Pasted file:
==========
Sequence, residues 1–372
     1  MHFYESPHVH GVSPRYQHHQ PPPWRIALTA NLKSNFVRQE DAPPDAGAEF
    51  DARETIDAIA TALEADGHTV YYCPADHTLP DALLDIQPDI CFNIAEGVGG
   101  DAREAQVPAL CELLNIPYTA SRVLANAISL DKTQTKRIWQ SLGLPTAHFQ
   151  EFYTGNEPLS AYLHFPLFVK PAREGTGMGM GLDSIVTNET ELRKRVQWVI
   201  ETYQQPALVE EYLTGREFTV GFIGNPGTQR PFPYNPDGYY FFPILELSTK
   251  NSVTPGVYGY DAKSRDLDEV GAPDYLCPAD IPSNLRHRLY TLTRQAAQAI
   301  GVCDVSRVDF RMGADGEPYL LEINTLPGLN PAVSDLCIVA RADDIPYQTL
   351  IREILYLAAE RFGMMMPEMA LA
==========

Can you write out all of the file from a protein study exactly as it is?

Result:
Sequence, residues 1–372
     1  MHFYESPHVH GVSPRYQHHQ PPPWRIALTA NLKSNFVRQE DAPPDAGAEF
    51  DARETIDAIA TALEADGHTV YYCPADHTLP DALLDIQPDI CFNIAEGVGG
   101  DAREAQVPAL CELLNIPYTA SRVLANAISL DKTQTKRIWQ SLGLPTAHFQ
   151  EFYTGNEPLS AYLHFPLFVK PAREGTGMGM GLDSIVTNET ELRKRVQWVI
   201  ETYQQPALVE EYLTGREFTV GFIGNPGTQR PFPYNPDGYY FFPILELSTK
   251  NSVTPGVYGY DAKSRDLDEV GAPDYLCPAD IPSNLRHRLY TLTRQAAQAI
   301  GVCDVSRVDF RMGADGEPYL LEINTLPGLN PAVSDLCIVA RADDIPYQTL
   351  IREILYLAAE RFGMMMPEMA LA